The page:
1.3.2 National Caveats on NATO/ISAF Forces

The U.S. government has consistently emphasized the importance of giving commanders in the field the maximum possible flexibility to ensure that they can accomplish their mission in the fastest possible timeframe, while minimizing risk and loss of life. Just over half of the Allies in ISAF have some form of caveats on the geographical and/or functional deployment of their forces. Some Allies have no written caveats on their forces, but operate with de facto restrictions that can be even more severe than caveats. Therefore, rather than focus exclusively on caveats, the U.S. has pressed all Allies and partners to provide commanders on the ground with the maximum possible flexibility in terms of when, where, and how they utilize forces under their command. The most significant and commonly cited caveats are restrictions that keep some troops currently in the north, west, and in Kabul from moving to Regional Command-South without prior approval from their respective nations’ capitals. The United States takes advantage of every opportunity to urge Allies to lift these restrictions.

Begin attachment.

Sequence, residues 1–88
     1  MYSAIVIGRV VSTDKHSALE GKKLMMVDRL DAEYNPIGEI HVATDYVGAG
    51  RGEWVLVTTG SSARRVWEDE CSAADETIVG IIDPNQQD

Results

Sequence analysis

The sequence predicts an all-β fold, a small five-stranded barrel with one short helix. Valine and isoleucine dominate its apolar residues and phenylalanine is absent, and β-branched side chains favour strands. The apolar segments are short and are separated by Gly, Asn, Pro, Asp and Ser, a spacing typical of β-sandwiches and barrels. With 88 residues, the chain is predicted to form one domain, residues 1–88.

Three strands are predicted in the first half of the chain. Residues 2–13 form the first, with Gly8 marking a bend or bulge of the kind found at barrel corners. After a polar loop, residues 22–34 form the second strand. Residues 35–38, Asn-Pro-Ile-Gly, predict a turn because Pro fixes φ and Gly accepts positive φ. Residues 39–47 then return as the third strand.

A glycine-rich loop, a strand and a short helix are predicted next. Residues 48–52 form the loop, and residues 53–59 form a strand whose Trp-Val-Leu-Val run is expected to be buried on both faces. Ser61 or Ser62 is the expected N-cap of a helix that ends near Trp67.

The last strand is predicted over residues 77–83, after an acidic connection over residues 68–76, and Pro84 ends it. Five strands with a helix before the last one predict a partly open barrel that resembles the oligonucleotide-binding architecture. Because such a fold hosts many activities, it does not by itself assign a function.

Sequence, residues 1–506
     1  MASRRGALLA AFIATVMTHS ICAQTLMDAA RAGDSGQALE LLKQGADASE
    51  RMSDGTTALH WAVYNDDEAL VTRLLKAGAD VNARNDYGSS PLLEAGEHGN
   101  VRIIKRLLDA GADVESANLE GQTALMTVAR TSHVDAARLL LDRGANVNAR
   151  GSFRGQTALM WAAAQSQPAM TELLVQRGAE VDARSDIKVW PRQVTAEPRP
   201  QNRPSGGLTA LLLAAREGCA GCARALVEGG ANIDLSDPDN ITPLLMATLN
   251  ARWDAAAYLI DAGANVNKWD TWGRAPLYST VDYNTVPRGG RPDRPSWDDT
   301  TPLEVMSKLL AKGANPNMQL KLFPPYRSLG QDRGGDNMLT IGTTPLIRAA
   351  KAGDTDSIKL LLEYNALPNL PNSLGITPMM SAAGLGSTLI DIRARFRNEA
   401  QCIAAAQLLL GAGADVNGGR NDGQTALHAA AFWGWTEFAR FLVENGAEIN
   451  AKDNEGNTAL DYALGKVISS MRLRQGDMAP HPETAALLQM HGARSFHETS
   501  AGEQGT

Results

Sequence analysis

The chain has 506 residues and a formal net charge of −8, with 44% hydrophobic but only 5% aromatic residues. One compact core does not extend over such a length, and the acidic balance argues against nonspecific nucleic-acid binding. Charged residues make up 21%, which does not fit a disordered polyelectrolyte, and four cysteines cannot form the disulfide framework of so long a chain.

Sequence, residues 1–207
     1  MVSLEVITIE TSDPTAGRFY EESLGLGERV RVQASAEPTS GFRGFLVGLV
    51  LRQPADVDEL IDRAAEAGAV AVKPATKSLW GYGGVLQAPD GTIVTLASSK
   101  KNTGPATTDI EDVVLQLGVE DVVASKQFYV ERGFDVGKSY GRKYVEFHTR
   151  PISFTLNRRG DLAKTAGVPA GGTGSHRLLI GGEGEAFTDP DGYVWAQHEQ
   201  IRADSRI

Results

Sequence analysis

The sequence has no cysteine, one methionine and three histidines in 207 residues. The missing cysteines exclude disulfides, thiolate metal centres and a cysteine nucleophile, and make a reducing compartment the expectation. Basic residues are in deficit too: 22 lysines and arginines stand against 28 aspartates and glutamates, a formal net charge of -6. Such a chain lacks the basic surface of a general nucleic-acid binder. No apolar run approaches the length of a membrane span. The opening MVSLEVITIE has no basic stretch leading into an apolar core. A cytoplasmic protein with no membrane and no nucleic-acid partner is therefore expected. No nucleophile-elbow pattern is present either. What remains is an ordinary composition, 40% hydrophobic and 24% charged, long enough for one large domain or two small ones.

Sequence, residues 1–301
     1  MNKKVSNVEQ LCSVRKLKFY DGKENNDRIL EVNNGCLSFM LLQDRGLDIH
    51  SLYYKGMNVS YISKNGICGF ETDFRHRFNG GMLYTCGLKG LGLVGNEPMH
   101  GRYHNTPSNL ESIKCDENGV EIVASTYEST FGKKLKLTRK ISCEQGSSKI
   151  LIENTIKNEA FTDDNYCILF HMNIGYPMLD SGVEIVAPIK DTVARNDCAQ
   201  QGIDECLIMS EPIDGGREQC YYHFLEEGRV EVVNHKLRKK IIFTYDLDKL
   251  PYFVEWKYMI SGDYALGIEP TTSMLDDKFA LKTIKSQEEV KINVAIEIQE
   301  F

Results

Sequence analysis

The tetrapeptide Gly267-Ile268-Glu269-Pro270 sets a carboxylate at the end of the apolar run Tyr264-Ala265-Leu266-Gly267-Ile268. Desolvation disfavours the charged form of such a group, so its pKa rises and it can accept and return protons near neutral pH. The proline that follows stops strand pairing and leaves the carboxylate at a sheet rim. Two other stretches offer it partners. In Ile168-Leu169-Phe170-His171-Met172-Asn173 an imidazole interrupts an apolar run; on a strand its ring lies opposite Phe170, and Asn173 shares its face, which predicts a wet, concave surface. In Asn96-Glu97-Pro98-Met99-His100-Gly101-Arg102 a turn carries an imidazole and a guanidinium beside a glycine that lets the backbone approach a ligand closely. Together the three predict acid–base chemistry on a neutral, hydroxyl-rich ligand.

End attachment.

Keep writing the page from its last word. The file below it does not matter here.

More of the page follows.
1.4 Operations

Within the primary operational area for U.S. forces – Regional Command East – operational tempo and the ability to extend the reach of ISAF forces increased two-fold with the addition of a second Brigade Combat Team in early 2007. U.S. forces took part in full-spectrum operations, often with ANSF in the lead. Keeping in line with the overall strategy of clear, hold, and build, the increased security paved the way for improved local government and economic growth.

Additionally, CJTF-822 established Border Security Posts, Combat Out-Posts, and Forward Operating Bases along known insurgent routes and support areas. This expanded ISAF and ANSF presence probably contributed to the increase in enemy attacks from 2006 to 2007.

1.4.1 Civilian Casualties